For most of my adult life, the globalization of everything was taken for granted. We talked of "world economy," localization, internationalization (aka I18N), and globalization. Indeed, almost every RFP for the last 20 years has asked about internationalization and localization and multiple currencies.
Yet, beginning in about 1997, a lone voice warned us that the march toward globalization would someday reverse.
In The Fourth Turning, historians Neil Howe and William Strauss forecast a reverse in global trade:
the economy will have changed fundamentally. Compared to today, it will be less globally dependent, with smaller cross-border trade and capital flows.
Heresy! But there's more. From The Fourth Turning:
America will become more isolationist than today in its unwillingness to coordinate its affairs with other countries but less isolationist in its insistence that vital national interests not be compromised. The Crisis mood will dim expectations that multilateral diplomacy and expanding global democracy can keep the world out of trouble.
But look what's happening:
- Europe's Supreme Court struck down the Safe Harbor agreement that allowed Facebook and LinkedIn (among others) to store Europeans' data on US servers, potentially ending the flow of data across the Atlantic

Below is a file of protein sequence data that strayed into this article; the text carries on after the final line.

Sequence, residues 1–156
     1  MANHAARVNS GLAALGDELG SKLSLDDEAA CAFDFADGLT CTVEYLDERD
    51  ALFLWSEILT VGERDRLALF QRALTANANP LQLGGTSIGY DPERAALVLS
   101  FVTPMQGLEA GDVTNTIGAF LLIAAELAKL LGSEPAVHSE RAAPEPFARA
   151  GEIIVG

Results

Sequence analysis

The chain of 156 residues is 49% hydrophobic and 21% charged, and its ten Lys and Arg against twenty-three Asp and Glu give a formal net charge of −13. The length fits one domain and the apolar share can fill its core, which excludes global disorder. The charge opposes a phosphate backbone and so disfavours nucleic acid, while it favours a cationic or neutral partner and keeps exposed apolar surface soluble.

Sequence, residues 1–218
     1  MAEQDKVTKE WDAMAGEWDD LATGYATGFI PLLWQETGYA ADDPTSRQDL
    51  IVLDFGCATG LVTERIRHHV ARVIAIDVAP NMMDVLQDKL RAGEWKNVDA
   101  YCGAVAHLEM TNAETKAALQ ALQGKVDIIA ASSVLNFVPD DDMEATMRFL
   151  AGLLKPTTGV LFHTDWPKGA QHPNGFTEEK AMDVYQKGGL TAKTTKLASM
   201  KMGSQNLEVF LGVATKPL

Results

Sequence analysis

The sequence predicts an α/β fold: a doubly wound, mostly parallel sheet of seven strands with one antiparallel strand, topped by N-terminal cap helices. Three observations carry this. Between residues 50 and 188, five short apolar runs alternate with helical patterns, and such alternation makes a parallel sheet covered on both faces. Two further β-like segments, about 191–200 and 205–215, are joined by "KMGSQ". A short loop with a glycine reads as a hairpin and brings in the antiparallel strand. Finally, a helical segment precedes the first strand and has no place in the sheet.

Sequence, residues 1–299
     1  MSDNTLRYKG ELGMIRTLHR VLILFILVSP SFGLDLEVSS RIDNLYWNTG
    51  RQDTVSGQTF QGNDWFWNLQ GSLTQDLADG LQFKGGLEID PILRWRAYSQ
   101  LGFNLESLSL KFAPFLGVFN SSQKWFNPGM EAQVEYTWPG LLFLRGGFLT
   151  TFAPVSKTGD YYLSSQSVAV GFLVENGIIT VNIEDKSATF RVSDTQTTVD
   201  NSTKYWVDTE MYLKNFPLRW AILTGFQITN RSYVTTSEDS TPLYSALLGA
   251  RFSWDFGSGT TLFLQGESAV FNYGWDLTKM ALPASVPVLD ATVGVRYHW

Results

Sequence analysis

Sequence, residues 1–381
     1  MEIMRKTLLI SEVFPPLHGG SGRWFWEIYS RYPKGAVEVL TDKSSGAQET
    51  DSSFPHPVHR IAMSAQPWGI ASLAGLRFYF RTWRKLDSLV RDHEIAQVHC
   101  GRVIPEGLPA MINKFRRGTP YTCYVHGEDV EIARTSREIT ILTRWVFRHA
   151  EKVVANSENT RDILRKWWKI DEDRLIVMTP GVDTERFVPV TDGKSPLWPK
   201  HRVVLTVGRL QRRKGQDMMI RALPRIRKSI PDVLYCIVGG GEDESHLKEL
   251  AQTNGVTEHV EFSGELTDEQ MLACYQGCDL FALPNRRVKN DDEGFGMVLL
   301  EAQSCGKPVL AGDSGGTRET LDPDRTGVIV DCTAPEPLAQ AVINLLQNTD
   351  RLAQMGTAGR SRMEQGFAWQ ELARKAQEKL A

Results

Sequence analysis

- As the cost of freight rises, the amount of global trade declines, as local production becomes more attractive
- Time Magazine recognized "Globalization in Reverse" in 2014:
"With global economic integration seemingly in reverse, at least for the moment, many economists and trade experts are beginning to talk about a new era of deglobalization, during which countries turn inward."
- Fortune Magazine also recognized last year that "globalization has a reverse gear:"
For most of the past 20 years trade has raced ahead of global economic growth, usually at about double its pace. GDP grew by 3.5% in 2006, the last healthy, pre-crisis year, and trade at 8%. This was, it seemed, a golden ratchet binding the planet ever closer. But the most recent 24 months show something that looks an awful lot like a trade shock. It isn’t just that trade is no longer doubling — it’s slowing. In some crucial areas trade growth has slipped below GDP growth — and this year, globally we’ll be below the 20-year average rate of trade growth yet again. Figures on investment in assets held overseas, probably the best indicator of enthusiasm for globalism, are drifting down toward 40%, from more than 50% in 2008. The move is serious enough that economists have begun to ask: Is globalization running backward?
Howe and Strauss would answer "yes."
Crisis eras, which occur about every 80 to 100 years and last about 15 to 20 years, see a shift from global to local. We entered a Crisis era with the fall of Lehman Brothers in 2008.
Question: Suppose the reverse of globalism continues--let's call it 'localism' for now. How will localism affect your company's investments? Will you continue to invest in globalization, or will you shift investments to shore up your local markets?